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Goffman's Dramaturgical Analysis

Goffman's Dramaturgical Analysis

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This lesson will detail Goffman's dramaturgical analysis and explain the key idea of presentation of self including the concepts of front stage and back stage.

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Tutorial

What's Covered

This tutorial will cover the topic of dramaturgical analysis, through the definition and discussion of:

  1. Goffman’s Dramaturgical Analysis and Presentation of Self
  2. Front Stage and Back Stage

1. GOFFMAN’S DRAMATURGICAL ANALYSIS AND PRESENTATION OF SELF

Society is a theater upon which people--social actors--act out themselves. Sociologist Erving Goffman wrote a hugely influential book in 1959 called The Presentation of Self, which is one of the most important sociological texts ever written, and it helped found the idea of symbolic interaction and the symbolic interaction perspective.

Brainstorm

To say that you ‘present yourself’, what does this imply to you? What do you think about when you hear the word presentation? What does it mean? What in life do you present?

Plays are presented to an audience. Speakers give presentations at conferences. Musicians present concerts to their audiences, and movies are even called feature presentations. Goffman theorized that social life is like a presentation, or a play. He viewed society as a theater’s stage upon which performers enact, or present, themselves.

Think About It

What do you find in a theater? Typically, you find a stage, a dressing room and a back stage. You have an audience, and props, and all of these things combine to contribute to the presentation. Metaphorically, then, to call society a theater and a social stage upon which people enact their performances, is what Goffman called dramaturgical analysis, after a dramatic production.

Term to Know

Dramaturgical Analysis (Erving Goffman)

The idea that people's day-to-day lives can be understood as resembling performers in action on a theater stage.

This is an interesting way to look at society and social interaction. If you conceive of yourself as a performer, in the world putting on a performance for an audience, you might think that it implies a degree of contrivance or artificiality. Also, while you’re presenting yourself, you might be concerned with impression management. This means that you are trying to control the way others perceive you, so you might slant or slightly alter your presentation of self in different contexts so that you are seen positively in the eyes of others.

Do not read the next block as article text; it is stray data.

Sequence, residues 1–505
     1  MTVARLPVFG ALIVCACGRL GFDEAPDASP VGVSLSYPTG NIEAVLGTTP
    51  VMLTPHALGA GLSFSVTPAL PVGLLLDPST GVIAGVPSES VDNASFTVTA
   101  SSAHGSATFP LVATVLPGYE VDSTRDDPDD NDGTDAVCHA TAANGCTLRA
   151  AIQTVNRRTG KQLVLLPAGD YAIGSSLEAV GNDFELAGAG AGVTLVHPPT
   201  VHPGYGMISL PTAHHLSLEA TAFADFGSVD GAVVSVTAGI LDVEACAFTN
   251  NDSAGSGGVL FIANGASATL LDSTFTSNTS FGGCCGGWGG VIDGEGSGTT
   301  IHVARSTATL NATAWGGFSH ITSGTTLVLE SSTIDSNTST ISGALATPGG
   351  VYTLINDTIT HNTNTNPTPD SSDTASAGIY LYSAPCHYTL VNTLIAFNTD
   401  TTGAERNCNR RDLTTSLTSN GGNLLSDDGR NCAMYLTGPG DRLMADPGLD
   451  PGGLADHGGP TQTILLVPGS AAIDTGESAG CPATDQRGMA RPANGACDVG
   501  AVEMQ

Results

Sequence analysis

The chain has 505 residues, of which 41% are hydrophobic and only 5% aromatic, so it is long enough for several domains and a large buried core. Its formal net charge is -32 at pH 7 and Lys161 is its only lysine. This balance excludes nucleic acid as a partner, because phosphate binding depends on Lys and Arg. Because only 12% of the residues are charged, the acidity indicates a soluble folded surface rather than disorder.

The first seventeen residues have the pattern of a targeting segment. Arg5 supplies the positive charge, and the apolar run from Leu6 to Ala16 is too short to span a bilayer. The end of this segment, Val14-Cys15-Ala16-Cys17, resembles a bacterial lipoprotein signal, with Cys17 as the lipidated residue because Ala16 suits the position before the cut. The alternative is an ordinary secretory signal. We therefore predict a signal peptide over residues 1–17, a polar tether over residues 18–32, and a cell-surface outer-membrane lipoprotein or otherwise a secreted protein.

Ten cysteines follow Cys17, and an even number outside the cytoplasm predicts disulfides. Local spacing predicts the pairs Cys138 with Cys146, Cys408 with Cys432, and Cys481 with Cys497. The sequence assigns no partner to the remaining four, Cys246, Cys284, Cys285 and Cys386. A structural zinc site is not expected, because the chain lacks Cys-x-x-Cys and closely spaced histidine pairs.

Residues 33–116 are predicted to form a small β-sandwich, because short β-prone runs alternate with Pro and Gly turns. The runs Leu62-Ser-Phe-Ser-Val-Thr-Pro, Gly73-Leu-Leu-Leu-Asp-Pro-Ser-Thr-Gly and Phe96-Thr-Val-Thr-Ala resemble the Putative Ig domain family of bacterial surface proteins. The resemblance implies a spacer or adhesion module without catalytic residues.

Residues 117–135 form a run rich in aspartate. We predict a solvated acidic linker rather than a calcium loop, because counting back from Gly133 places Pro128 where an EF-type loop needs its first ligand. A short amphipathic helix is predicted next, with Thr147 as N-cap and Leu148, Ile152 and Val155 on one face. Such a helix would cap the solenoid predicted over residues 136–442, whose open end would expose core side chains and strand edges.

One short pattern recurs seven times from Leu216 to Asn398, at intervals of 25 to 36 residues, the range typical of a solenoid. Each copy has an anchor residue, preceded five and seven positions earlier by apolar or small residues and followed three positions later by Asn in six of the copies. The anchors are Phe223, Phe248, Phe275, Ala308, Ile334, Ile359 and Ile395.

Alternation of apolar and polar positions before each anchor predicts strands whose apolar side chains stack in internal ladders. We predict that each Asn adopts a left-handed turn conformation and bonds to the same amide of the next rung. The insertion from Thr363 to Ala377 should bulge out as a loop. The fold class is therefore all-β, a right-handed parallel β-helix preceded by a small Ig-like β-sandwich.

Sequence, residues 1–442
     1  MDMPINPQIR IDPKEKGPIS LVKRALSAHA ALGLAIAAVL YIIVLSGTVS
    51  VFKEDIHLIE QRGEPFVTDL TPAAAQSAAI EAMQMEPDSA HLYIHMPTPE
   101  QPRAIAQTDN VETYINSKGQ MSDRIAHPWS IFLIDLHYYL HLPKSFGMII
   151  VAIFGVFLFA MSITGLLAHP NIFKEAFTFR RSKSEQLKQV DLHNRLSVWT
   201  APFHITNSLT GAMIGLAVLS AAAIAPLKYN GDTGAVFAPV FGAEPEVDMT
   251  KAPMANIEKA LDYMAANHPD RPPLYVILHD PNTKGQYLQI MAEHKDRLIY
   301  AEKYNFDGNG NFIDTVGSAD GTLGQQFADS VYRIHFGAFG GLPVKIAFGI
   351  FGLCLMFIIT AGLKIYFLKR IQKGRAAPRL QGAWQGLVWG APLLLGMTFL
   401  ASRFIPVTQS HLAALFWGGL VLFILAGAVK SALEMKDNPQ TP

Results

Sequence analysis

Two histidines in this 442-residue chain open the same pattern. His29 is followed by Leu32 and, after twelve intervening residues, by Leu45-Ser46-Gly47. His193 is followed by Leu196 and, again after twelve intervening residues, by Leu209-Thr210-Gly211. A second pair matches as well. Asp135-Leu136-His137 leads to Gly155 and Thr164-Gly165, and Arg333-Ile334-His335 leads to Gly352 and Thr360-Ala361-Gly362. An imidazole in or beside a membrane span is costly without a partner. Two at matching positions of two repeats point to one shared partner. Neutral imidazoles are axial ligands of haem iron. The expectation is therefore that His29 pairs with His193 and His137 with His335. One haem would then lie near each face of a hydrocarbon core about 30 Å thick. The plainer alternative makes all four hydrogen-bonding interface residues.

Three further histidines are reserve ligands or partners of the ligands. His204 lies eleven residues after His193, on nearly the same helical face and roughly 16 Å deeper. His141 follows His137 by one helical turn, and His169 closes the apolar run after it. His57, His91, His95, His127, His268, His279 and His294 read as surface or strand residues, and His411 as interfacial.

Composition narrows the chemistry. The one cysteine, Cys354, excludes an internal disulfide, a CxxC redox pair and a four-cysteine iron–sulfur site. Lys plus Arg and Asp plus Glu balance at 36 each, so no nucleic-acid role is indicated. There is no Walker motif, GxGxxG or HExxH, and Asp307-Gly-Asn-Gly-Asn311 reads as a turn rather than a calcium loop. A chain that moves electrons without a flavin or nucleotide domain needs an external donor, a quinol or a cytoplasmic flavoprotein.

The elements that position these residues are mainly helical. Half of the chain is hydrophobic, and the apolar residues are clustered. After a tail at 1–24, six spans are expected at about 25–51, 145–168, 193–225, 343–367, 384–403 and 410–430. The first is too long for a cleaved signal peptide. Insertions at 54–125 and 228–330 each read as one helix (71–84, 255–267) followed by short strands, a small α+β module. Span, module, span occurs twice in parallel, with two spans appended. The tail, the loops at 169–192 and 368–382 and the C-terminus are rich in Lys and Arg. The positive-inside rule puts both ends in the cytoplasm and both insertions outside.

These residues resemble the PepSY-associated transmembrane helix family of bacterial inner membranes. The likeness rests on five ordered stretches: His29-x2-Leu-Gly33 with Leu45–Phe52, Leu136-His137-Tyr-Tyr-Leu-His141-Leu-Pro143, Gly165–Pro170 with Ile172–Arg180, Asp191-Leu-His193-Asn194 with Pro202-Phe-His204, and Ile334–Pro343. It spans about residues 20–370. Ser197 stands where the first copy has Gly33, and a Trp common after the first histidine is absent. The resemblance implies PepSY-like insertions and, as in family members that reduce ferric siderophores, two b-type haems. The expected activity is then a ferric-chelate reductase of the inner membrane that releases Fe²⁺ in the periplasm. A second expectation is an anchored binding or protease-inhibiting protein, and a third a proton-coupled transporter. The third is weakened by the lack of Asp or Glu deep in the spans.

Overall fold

IN CONTEXT

You learn to do this ‘performance’ at a very young age. You comprehend that there are certain ways you can act around your parents, and certain ways to act around your friends. There is yet a still different way to act when you’re at school, around your teachers in a classroom and around the principal. Overall, this process is called the presentation of self, which is a person's efforts to control their impressions in the eyes of others.

Term to Know

Presentation of Self (Erving Goffman)

Phrase used to describe a person's efforts to create a specific impression in the minds of others.


2. FRONT STAGE AND BACK STAGE

Your impressions are given off primarily on the front stage. A front stage is where a performance takes place, any time an audience is present, whereas a back stage refers to when there are performers present but the audience is not. When two or more people are present, there can really be no true back stage. Goffman theorized that people seamlessly move in and out of front stage and back stage in their social interactions.

IN CONTEXT